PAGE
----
It’s coming home? Send it back, I don’t want it.

England fan
Copyright Leon Benjamin, via Flickr

While the past few weeks have been an exciting whirlwind of last-minute goals, unexpected early exits and unbelievable scores, the 2018 FIFA World Cup, year of the underdog, is beginning to create a society I don’t really want to be a part of.

Roundabouts are being spray-painted, flags are being draped from buildings. I even saw an ominous red cross emblazoned boldly across the front (yes, the front!) of a white van last Friday. Football fever has well and truly taken hold of the world. 
But more than that, the waft of patriotism is in the air, with England slowly but surely moving through the rounds not without a quiet sense of confidence, as football giants like Argentina and Germany become distant specks on the Russian horizon. 
Some aspect of it is the disbelief. What started as a joke down the pub with your mates – that £5 bet on Harry Kane lifting the trophy, that sarcastic chant of ‘it’s coming home’ rippling through a smirking crowd. No one expected England to be in with a chance. Many still don’t. But the closer victory comes, the more these jokes seem possible. 
It’s hard to pinpoint where the problem arises, but I think here is a good place to start. The people supporting England, typically nursing a marshmallowy ring of foam around their mouth from the beer that seems to never leave their hand, are celebrating and supporting a team of people they didn’t have an ounce of belief in a month ago. Just because they happened to be born on the same bit of rock as them. 
This fanatical obsession with the football team of your country is by no means unique to England fans; cast your eyes into the crowd at any game and you’ll see the almost tribal desperation on the faces of fans – men, women, children, all united in faith for their team. But somehow, England fans seem so much worse. Maybe it’s because I actually have to come across them. 
Or maybe it’s because I don’t think England deserves this level of national pride. 
We look at other cultures celebrating like mad, look at other countries’ players’ eyes brimming with tears as they devote their very souls (and sub-par singing voices) to the national anthem. We think, as we often do, ‘why shouldn’t I behave like that’, ‘I’m entitled to the same national pride as those people’.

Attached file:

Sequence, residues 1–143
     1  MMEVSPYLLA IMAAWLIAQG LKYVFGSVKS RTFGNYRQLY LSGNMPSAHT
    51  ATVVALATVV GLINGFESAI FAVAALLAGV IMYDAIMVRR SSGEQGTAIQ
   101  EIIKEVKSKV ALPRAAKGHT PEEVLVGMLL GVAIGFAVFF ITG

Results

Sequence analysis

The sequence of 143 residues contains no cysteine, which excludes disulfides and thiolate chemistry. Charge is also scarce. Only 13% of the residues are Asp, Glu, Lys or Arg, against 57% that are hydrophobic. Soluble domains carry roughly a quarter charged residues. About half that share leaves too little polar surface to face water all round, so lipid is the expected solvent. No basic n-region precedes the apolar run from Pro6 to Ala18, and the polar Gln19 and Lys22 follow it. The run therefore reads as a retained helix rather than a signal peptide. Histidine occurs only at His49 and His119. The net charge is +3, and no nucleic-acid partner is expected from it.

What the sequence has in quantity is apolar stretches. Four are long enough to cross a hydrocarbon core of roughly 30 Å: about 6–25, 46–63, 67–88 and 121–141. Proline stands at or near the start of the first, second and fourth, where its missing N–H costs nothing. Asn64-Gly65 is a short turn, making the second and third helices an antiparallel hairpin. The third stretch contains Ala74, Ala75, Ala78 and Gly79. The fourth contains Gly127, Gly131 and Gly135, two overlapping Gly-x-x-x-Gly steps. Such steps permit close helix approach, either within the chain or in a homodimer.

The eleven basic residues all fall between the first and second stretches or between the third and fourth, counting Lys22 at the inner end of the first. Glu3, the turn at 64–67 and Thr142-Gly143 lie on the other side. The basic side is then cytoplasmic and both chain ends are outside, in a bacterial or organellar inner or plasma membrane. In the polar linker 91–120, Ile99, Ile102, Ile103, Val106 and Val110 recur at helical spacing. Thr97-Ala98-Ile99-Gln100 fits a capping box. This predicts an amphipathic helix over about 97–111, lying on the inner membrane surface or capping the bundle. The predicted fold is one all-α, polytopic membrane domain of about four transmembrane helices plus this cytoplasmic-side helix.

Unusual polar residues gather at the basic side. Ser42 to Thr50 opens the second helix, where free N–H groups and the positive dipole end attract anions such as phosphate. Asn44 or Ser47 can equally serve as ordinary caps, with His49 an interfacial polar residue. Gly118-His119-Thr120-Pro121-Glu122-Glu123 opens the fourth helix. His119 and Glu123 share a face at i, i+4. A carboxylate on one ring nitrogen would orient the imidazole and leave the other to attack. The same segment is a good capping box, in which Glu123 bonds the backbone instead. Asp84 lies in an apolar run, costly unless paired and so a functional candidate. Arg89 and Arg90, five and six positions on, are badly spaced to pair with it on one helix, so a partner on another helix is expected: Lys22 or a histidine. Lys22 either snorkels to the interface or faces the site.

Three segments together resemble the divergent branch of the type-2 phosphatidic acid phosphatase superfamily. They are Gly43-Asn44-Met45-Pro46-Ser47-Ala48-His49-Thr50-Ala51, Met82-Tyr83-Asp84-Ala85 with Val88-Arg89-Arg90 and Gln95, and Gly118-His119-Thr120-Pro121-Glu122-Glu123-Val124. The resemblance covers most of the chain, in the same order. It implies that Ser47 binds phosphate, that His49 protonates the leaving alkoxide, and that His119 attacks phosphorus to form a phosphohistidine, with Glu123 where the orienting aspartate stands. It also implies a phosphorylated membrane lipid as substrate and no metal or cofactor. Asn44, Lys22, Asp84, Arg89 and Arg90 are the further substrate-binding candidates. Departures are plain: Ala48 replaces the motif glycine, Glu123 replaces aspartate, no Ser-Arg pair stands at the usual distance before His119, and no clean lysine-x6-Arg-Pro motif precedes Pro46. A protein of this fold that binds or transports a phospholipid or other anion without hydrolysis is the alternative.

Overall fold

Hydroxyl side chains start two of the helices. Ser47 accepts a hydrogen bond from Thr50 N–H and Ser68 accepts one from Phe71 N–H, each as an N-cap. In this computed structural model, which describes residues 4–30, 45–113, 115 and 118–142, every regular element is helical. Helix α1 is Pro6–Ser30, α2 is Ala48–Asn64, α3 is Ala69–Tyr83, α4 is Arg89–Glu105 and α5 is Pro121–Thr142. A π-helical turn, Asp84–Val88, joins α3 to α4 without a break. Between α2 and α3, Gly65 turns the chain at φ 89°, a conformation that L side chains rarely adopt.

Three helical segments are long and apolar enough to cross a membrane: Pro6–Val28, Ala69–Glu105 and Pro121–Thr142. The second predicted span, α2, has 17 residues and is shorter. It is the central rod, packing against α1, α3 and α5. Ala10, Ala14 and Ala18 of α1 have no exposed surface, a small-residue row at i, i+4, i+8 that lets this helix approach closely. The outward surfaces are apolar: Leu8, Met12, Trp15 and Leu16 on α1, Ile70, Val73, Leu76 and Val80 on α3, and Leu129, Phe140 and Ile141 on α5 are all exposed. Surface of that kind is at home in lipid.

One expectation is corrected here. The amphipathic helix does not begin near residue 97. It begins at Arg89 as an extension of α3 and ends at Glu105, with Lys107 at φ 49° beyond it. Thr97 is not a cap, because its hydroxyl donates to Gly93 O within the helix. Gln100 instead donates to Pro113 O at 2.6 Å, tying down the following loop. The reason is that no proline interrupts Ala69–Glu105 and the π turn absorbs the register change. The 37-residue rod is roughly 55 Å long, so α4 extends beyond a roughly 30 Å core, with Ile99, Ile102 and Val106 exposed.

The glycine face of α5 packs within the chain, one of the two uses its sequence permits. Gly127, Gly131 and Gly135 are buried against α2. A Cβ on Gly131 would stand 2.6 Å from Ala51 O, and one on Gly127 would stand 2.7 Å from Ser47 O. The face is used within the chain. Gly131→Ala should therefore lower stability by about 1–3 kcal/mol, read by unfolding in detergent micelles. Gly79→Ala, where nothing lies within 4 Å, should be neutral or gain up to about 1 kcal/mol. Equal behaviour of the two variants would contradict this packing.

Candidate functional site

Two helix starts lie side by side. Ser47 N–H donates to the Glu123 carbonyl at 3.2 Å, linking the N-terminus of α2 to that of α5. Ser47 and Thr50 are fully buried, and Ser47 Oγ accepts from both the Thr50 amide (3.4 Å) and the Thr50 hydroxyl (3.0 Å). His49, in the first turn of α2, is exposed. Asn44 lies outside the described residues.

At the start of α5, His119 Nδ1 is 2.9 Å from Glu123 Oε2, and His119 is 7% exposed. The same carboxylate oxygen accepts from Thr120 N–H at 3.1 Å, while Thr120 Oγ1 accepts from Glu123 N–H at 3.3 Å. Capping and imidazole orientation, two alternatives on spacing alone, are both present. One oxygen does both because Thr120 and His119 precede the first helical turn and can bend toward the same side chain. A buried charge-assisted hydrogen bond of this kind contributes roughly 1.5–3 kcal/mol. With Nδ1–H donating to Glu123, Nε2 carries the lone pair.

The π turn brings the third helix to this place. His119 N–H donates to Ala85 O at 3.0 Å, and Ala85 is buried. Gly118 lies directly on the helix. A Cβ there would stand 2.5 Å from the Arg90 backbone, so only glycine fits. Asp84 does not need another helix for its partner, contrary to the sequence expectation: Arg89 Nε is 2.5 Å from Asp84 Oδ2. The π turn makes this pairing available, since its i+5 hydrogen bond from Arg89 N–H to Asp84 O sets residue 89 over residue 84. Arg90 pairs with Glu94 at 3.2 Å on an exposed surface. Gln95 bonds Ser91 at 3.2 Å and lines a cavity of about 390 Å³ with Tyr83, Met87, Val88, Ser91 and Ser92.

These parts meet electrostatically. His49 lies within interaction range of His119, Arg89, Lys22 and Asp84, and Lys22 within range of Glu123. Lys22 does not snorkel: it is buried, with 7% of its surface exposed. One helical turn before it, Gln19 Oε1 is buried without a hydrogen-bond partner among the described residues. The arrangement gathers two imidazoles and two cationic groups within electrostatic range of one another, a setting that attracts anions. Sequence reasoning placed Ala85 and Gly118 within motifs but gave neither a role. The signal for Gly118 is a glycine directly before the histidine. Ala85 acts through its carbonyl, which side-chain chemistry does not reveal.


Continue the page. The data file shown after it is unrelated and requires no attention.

Sorry lads, but we’re not.
Even this act of looking at others’ behaviour and thinking ‘we deserve to have that’ is part of the problem. When your country built its place on the world stage through rape, slaughter and enslavement, cheering the name of England while we refuse to acknowledge our history is like balancing a glittering trophy atop the mountain of corpses that our country has left in its wake.

Britain is very guilty of picking and choosing the bits of its history and society it wants to be proud of. The second world war, the 1966 World Cup. I do it myself – I think British humour is the best by far, I think our NHS is fantastic, and despite the many, many systemic problems with our social structure, you cannot fault the sheer volume of different people from different societies that live on our tiny island. I think it’s fantastic.

But when it comes to a direct sporting competition where we seem to relish knocking other, (or ‘lesser’, as our press would have you believe) countries out of the tournament, it turns from good-spirited pride to a brutish arrogance that we have no right to wield.

Coming across this particular facet of the British mentality is perhaps a bit more tender now than it was four years ago. We have attempted to sever ourselves from the rest of the world in an act of isolationism so embroiled with small-mindedness and arrogance that it could only have been performed by us.

I’ve had this debate a few times in the past few days – increasingly so, interestingly, as England have appeared to draw closer to success – and one thing I’ve come across repeatedly is the defiant defensiveness of the (primarily white and male) people I’ve spoken to about it. The thing is, it’s hard to confront your own personal contribution to a fucked up society. People are reluctant to relinquish their English pride because they have been told all their lives that they’re entitled to it, like they’re entitled to everything else. It’s all too easy to get sucked into the hype – after all, it’s coming home, right?

And, to be fair to us – it’s not always our fault. Our education system has failed us. We don’t necessarily know that the teams we’re happily eradicating from a tournament in which they never had a chance come from countries where our ancestors stole the resources and exterminated the people.

But it’s time for that to stop. We do need to start confronting ourselves for this blind support we devote to people just because they come from the same segment of Earth that we do. It’s not necessarily problematic to support them because you’re rooting for the guys who never win, because you love an underdog, but when the reason you support a team is that you feel some nationalistic ‘closeness’ to them, you’re operating within a sphere of cultural superiority that you don’t realise has ruined entire nations in the past.

So support England. Support them because the manager seems nice. Support them because you admire the players for their technique or their personalities. Support them because you love it when big tournaments have unpredictable endings. But don’t support them just because they represent the misplaced pride you have in your country.

Maybe it is coming home, but until we change what ‘home’ means, I’m not sure I want it to.

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